I have no info on this video, I stumbled on it searching for the spider car. It appears to be an animatronics studio building movie dinosaurs. It’s cool as hell so watch it now. I said press play!
Archive for April, 2007
NeuroSky worker Cynthia Lee wears one of their head sets at NeuroSky headquarters in San Jose, Calif., Tuesday, March 27, 2007. The startup company aims to add more realistic elements to video games by using brain wave-reading technology to help game developers make gaming more realistic. (AP Photo/Paul Sakuma)
Technology from NeuroSky and other startups could make video games more mentally stimulating and realistic. It could even enable players to control video game characters or avatars in virtual worlds with nothing but their thoughts.
Adding biofeedback to “Tiger Woods PGA Tour,” for instance, could mean that only those players who muster Zen-like concentration could nail a put. In the popular action game “Grand Theft Auto,” players who become nervous or frightened would have worse aim than those who remain relaxed and focused.
NeuroSky’s prototype measures a person’s baseline brain-wave activity, including signals that relate to concentration, relaxation and anxiety. The technology ranks performance in each category on a scale of 1 to 100, and the numbers change as a person thinks about relaxing images, focuses intently, or gets kicked, interrupted or otherwise distracted.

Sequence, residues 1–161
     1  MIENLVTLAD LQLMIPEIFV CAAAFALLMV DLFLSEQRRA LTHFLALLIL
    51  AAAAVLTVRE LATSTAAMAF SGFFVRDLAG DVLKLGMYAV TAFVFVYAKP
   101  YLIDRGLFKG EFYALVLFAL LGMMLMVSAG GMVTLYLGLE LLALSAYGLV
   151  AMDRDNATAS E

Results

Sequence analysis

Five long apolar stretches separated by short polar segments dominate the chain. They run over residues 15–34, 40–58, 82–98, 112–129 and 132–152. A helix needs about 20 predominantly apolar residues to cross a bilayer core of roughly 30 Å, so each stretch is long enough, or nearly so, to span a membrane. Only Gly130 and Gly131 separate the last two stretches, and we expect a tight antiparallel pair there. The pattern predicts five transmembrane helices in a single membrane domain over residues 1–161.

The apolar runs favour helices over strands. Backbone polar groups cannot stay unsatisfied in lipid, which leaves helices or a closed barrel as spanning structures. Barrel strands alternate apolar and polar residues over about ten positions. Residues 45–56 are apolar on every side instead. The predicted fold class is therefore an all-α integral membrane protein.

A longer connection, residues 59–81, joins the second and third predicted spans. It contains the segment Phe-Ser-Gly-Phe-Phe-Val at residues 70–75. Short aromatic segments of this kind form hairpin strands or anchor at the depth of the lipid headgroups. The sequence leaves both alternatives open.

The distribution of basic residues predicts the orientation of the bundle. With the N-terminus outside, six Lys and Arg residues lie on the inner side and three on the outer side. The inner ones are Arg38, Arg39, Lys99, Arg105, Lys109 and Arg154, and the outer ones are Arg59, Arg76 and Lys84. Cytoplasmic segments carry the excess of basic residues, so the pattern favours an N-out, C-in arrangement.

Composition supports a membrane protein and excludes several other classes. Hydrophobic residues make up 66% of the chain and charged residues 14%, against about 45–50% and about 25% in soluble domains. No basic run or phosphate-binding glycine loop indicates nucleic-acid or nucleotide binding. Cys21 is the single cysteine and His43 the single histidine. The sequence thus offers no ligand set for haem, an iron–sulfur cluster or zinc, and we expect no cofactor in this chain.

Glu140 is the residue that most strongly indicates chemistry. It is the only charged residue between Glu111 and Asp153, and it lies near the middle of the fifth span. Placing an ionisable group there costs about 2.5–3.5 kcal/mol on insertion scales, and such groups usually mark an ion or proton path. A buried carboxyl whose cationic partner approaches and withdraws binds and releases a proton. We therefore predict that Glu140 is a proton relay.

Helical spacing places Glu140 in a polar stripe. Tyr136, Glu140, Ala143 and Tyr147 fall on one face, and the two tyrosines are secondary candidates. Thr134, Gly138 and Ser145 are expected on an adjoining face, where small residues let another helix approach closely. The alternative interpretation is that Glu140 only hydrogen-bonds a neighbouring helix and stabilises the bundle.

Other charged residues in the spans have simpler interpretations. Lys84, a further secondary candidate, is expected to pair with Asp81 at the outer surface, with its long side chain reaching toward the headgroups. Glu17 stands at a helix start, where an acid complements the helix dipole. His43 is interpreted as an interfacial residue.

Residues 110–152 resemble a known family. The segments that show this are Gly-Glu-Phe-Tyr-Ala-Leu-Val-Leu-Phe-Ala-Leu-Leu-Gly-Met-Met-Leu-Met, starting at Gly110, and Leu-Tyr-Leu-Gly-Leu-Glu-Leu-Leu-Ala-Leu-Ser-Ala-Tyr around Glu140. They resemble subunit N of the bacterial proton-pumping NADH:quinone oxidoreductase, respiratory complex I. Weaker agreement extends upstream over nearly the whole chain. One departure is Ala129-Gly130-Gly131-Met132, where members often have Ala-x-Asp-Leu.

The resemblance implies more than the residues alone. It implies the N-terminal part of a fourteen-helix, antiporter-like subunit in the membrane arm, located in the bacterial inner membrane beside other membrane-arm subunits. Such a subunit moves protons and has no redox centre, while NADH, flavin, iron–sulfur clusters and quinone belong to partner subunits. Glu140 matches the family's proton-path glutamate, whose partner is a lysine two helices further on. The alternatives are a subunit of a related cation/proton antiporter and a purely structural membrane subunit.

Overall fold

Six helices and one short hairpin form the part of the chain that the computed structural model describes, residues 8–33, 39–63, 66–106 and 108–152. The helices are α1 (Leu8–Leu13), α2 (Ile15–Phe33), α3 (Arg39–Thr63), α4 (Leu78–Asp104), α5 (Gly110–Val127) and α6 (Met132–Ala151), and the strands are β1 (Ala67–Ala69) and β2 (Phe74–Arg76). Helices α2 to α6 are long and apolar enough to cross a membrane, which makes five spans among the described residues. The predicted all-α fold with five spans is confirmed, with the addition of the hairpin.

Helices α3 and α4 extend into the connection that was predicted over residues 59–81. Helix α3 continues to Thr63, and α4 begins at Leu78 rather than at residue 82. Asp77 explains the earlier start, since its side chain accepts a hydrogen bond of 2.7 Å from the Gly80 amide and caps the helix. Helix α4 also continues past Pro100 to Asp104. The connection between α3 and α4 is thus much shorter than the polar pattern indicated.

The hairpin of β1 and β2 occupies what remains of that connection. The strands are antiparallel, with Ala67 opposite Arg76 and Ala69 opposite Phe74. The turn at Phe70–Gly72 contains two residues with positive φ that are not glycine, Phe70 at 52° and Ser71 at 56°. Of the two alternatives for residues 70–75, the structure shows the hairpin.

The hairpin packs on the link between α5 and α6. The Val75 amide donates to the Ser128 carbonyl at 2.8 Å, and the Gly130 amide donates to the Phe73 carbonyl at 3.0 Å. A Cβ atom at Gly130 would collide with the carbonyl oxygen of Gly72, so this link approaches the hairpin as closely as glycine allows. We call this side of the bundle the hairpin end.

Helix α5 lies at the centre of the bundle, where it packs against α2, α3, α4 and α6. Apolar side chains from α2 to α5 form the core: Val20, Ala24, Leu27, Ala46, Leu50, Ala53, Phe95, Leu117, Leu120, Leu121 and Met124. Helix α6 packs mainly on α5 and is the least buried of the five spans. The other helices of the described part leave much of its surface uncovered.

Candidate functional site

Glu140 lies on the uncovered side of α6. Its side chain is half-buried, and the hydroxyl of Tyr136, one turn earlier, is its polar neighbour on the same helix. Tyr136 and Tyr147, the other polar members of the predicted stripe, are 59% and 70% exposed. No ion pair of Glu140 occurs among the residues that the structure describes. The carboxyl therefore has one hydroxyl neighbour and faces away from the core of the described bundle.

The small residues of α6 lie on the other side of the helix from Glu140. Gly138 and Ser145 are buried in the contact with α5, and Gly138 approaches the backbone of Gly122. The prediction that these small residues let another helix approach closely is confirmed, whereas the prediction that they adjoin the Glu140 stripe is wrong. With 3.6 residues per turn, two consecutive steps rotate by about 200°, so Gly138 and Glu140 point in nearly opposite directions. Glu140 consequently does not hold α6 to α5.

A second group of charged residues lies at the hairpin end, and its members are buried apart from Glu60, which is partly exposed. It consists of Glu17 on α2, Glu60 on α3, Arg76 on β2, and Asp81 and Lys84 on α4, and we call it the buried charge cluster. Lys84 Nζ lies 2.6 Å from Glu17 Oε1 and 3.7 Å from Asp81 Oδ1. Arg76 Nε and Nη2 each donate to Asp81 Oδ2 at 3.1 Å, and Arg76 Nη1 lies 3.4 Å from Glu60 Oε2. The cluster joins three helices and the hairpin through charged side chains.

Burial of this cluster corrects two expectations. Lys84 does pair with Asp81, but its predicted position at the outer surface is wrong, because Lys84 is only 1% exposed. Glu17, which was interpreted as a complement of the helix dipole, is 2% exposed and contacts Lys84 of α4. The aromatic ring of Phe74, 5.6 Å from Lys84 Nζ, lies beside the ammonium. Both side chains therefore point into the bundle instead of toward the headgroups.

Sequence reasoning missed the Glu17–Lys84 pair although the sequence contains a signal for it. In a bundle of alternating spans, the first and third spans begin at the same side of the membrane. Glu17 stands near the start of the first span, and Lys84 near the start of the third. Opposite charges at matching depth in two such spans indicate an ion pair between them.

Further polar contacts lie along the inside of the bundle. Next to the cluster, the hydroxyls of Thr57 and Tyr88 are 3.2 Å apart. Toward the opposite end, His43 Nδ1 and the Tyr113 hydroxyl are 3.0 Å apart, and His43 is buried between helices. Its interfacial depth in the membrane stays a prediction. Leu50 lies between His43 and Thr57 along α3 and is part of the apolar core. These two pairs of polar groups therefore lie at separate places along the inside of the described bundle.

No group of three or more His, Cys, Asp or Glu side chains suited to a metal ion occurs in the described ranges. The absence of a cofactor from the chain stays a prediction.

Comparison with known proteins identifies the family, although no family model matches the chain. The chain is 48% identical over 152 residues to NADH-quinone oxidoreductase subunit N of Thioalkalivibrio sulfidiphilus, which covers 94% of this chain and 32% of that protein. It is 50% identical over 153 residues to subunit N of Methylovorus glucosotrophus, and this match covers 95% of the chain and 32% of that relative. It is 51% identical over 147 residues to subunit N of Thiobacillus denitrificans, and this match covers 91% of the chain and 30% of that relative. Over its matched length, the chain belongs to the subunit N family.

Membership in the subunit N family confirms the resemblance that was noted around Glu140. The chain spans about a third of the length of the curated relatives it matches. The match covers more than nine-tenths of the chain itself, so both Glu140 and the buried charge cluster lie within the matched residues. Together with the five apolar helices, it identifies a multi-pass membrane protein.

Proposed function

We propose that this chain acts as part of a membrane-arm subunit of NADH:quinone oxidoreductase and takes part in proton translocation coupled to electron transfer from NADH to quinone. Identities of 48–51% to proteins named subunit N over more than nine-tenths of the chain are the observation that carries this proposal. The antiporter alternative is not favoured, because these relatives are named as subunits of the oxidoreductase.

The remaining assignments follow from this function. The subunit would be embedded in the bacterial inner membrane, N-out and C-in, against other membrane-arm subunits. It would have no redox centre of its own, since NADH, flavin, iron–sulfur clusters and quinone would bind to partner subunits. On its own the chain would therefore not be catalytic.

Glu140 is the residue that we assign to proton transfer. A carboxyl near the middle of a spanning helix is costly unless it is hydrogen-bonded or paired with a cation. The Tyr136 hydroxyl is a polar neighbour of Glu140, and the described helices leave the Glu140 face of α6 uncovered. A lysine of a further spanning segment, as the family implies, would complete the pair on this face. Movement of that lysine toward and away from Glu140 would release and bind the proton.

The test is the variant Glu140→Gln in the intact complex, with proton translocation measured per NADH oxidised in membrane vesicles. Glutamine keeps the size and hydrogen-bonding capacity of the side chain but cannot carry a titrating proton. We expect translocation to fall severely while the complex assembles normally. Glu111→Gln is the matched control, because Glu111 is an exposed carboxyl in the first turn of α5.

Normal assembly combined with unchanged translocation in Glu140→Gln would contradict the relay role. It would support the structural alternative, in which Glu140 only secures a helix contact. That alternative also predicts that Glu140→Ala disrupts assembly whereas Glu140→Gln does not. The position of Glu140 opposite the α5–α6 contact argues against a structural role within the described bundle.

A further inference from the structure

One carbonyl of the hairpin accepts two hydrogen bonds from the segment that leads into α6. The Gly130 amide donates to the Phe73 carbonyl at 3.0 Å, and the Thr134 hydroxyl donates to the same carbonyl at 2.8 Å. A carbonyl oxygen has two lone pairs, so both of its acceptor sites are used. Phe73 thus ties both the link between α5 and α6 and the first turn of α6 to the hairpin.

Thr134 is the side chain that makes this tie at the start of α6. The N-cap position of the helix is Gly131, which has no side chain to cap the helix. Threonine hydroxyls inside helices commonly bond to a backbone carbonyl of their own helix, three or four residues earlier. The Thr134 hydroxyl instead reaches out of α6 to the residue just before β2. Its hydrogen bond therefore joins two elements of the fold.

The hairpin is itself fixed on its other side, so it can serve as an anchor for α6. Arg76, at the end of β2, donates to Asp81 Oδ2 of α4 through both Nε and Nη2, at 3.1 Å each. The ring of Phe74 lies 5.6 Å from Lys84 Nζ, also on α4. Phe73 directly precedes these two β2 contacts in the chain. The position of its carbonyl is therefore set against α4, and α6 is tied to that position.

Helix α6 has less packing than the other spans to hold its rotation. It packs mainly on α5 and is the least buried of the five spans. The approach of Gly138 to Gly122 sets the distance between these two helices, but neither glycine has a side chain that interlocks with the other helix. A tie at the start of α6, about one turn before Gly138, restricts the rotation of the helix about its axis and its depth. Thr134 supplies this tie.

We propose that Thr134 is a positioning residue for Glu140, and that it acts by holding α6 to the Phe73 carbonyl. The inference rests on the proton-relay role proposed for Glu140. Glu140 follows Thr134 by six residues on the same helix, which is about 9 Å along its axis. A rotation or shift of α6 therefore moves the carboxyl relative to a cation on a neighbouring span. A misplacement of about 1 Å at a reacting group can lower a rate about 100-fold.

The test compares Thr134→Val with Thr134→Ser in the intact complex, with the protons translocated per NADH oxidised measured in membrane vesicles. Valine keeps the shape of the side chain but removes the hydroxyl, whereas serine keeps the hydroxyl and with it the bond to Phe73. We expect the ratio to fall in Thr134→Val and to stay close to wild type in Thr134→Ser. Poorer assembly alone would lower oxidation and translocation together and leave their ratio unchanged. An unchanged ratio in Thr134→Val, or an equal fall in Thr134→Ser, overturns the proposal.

You have probably seen the “buy from Amazon” buttons which are all over the internet. You know how these work, people direct traffic to specific products at Amazon and earn a commission on any sales that happen. You can also do this with Trossen Robotics!
If you have any questions you can email Matt Trossen
We have all heard of the artificial heart, but have you heard of all these other artificial parts being worked on? Science Ahead has a great article about all the new technology in this field. Matrix, here we come.
â€¢ Artificial Wombs
â€¢ Artificial gut
â€¢ Artificial Heart
â€¢ Artificial blood
â€¢ Artificial blood vessels
â€¢ Artificial bones
â€¢ Artificial Skin
â€¢ Artificial Retina
â€¢ Artificial limbs
â€¢ Artificial body parts from Stem cells
We have previously blogged about Automatika and their Dragon Runner robot. We met the owner Mr. Schempf and he showed us how tough his robots were. We were smitten. (With the robots, not Mr. Schempf) Apparently we weren’t the only ones to like his robots because Foster-Miller Inc. just acquired his company.
Two robotics-related companies with Carnegie Mellon University roots have been acquired for as much as $9.2 million by Foster-Miller Inc., the largest supplier of robots to the Department of Defense.
The deal is expected to increase employment at both companies, and help breathe life into the Pittsburgh area’s eight-year-old nickname “Roboburgh,” as the region graduates from being just an idea developer to producing what its researchers dream up, experts said.
O’Hara-based Automatika Inc., which designs, develops prototypes and does small-scale manufacturing of robotic systems, and Applied Perception Inc. of Cranberry, which creates software and control systems for navigating unmanned ground vehicles, will be able to fast-forward their designs and ideas, executives said.